With the NFL draft less than three weeks away, we’ve taken a look at what the probabilities of success are for the various rounds of the draft. Going in order, we started by comparing first and second round picks, followed that by adding third round selections to the mix, and then made our way through to start of Day 3 by adding the fourth and fifth rounds.
In this piece, we’ll look at all the same metrics, but we’ll finish things up with the inclusion of the final two rounds. So, without wasting too much time, here’s the data.
Just as was seen with the earlier rounds, the bust rates continue to go up as we go deeper into the draft, while the probability of finding an impact starter, or even a contributor simply keep dropping lower and lower.
The extremely low probability of getting a solid return on a sixth or seventh round pick makes them effectively lottery tickets, and the returns the Seahawks have gotten from their sixth and seventh round draft picks under Pete Carroll and John Schneider are representative of this. In particular, the Hawks have drafted 28 players in the sixth and seventh rounds since 2010, and of those 28 draft picks, six have never appeared in an NFL game, including:
- Offensive lineman Garrett Scott,
- Defensive back Mike Tyson,
- Offensive lineman Justin Senior,
- Wide receiver Kenny Lawler,
- Running back Zac Brooks and
- Defensive lineman conversion project Jared Smith.
In addition to the six who have yet to appear in a game, there are a further ten who have appeared in a game, but never started a game in the NFL. They are:
- Defensive end Ty Powell,
- Defensive end Greg Scruggs,
- Linebacker Dexter Davis,
- Defensive end Obum Gwacham,
- Defensive back Eric Pinkins,
- Defensive line Lazarius Levingston,
- Defensive back Ryan Murphy,
- Wide receiver David Moore,
- Offensive lineman Kristjan Sokoli and
- Tight end Jameson Konz.
That’s 16 of 28 draft picks in the late rounds who have not made much of any kind of impact, and from that point there are another half dozen who have started eight or fewer games in their NFL careers. Those names are
- Offensive lineman Joey Hunt,
- Fullback Kiero Small,
- Running back Chris Carson,
- Offensive lineman Ryan Seymour,
- Defensive back Winston Guy and
- Offensive lineman Michael Bowie.
Now to flip to the other side of the production table and looking at some of those who have made an impact. Based on the probabilities in the table, it would be expected that roughly 11 percent of the players the team has drafted in the sixth and seventh rounds would have a career AV above 20. So, 11 percent of 28 is just over three, and that is indeed exactly what we find. Those three players are J.R. Sweezy, Malcolm Smith and Byron Maxwell. Spencer Ware and Jeremy Lane are within striking distance if they can somehow manage to put together another two or three years of production. Unfortunately for Seahawks fans, even if they do play enough and play well enough to reach a career AV of 20, they likely won’t be doing it in a Seattle uniform.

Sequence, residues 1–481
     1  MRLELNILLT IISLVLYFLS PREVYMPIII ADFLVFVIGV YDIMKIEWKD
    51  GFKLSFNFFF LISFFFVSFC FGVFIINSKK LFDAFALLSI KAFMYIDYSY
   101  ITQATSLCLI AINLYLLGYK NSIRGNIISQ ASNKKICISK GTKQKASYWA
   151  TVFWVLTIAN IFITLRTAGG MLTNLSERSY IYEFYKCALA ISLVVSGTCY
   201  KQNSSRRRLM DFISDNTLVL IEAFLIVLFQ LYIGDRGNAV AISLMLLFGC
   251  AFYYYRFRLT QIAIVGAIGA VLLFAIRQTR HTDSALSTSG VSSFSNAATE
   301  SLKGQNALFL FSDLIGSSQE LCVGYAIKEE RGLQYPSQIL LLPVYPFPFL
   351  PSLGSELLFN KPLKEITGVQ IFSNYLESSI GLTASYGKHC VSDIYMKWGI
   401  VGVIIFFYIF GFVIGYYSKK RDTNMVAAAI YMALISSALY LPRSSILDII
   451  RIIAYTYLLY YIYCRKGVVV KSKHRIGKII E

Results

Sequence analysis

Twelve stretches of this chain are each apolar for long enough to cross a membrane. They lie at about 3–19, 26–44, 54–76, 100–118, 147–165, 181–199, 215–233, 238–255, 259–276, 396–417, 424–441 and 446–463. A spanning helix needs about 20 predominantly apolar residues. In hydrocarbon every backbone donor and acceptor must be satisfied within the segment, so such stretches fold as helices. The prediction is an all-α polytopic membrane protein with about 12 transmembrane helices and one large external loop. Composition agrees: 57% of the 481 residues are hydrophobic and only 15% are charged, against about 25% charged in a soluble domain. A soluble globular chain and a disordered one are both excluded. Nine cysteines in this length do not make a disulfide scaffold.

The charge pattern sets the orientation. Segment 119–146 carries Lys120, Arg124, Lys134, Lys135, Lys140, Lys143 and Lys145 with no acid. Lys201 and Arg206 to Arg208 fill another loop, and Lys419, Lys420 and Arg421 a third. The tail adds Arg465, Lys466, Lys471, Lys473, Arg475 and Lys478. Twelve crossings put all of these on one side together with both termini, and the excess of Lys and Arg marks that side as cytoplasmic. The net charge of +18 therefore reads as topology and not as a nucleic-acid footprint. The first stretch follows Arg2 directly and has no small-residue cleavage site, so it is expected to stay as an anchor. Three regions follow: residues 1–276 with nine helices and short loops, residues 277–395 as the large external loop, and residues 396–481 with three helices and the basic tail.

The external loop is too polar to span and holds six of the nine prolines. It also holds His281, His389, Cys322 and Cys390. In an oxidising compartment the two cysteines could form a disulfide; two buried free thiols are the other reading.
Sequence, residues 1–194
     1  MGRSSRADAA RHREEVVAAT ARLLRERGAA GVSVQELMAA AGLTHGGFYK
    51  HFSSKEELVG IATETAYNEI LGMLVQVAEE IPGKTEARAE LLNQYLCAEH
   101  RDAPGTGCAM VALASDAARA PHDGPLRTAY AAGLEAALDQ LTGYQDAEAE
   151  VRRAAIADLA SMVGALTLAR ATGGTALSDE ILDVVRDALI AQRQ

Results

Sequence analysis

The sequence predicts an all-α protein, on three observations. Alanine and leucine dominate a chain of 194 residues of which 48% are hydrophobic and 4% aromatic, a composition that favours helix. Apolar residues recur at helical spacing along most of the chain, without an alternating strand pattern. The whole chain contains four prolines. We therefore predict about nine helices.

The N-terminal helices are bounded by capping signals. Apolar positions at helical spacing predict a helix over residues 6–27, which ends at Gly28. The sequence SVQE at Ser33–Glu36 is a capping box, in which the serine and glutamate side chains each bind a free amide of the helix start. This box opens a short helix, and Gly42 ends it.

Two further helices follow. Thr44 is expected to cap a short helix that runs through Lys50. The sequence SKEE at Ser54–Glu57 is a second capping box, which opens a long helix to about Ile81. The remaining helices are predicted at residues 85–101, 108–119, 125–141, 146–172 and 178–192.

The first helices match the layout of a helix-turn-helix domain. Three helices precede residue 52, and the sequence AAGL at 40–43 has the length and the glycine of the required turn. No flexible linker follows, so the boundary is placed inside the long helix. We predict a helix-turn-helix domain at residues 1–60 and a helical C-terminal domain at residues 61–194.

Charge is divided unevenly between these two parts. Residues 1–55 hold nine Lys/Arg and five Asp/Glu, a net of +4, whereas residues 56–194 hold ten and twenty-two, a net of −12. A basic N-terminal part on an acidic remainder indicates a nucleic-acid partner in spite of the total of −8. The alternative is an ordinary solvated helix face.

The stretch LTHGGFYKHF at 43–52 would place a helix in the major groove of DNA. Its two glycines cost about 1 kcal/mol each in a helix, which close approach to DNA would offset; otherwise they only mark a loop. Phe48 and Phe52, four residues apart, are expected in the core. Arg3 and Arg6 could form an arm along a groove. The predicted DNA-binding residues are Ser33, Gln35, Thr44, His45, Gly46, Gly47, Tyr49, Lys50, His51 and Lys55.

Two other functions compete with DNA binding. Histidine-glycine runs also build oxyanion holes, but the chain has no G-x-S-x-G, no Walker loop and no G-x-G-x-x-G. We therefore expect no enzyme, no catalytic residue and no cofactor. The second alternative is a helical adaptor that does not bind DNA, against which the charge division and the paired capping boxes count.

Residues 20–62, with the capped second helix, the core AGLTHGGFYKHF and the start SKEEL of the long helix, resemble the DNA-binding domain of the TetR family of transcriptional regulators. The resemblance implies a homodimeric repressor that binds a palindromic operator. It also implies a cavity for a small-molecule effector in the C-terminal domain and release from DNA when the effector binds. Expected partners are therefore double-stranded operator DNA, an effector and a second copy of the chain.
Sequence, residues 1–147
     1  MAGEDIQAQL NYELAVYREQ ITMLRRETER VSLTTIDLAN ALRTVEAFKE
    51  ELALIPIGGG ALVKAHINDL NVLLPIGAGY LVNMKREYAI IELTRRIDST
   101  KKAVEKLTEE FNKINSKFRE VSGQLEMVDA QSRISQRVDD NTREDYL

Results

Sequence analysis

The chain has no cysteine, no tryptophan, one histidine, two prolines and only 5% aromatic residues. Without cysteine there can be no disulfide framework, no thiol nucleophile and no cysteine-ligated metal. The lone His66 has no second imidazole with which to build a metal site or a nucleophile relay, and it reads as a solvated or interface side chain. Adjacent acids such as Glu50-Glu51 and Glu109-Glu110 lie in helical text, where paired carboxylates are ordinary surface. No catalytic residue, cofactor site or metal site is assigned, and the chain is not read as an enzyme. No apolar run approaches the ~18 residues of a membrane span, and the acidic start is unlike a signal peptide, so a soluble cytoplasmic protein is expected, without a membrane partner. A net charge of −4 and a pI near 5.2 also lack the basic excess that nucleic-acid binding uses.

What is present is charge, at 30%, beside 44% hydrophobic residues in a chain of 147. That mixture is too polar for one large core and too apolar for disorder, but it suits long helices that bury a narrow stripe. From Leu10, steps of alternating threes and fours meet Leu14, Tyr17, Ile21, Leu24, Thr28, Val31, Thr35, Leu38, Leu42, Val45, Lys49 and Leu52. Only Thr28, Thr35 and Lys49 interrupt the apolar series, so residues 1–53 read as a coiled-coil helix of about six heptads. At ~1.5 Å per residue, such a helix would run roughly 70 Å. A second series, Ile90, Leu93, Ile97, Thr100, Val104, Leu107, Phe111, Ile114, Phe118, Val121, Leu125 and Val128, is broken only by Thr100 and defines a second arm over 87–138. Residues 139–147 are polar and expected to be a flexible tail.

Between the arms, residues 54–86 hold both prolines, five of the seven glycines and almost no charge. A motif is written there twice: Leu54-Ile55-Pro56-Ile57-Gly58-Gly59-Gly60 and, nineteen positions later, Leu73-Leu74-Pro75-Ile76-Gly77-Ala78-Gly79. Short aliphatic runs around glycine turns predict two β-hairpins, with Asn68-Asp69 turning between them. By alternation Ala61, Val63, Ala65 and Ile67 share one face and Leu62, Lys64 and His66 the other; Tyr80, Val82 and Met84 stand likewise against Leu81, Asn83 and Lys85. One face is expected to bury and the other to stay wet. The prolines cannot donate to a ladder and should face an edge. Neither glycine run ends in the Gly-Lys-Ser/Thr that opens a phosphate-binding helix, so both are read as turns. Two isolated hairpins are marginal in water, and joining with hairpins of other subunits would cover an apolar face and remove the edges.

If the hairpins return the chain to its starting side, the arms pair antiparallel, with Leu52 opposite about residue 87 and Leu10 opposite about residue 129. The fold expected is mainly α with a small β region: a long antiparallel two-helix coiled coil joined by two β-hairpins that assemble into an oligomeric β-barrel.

What all this means is that even though Pete Carroll and John Schneider were able to find Super Bowl MVP Malcolm Smith in the seventh round, they have not been vastly better than league average in finding contributors in the last two rounds. Sure, there are still several who are playing and could change the numbers, but for the most part, the return they have gotten in the sixth and seventh rounds are right in line with where one would expect them to be. That is extremely important because it simply adds another data point as to why it is so important for teams to have as much draft capital as possible. If it’s impossible to beat the average, then it makes sense that the best strategy is to is to simply increase the number of attempts.
Moving on to the contracts for the last two rounds of the draft, we see there is not a massive difference between rounds four and five and rounds six and seven.
What is amazing is that even as the bust rate continues to approach 90% for seventh rounders, the salary difference over four seasons for the player taken with pick 32 in the fourth round is barely $500k more than for the player taken with pick 32 in the seventh. The difference between the last pick in the third round and the last pick in the seventh round is barely $700k, meaning over the four years of the contract, there is only a $175k per year difference in cap hit, in spite of the fact that teams are several times more likely to find a Pro Bowl caliber player in the third round.
That’s just scraping the surface on the meaning of all this data, but it’s not hard to see that the true sweet spot of the draft where value is most likely to be found is in rounds two through rounds four and possibly into the early part of round five. However, digging into the meaning and value of the various draft picks is a different topic for a different post, so we’ll get into that as the draft itself approaches.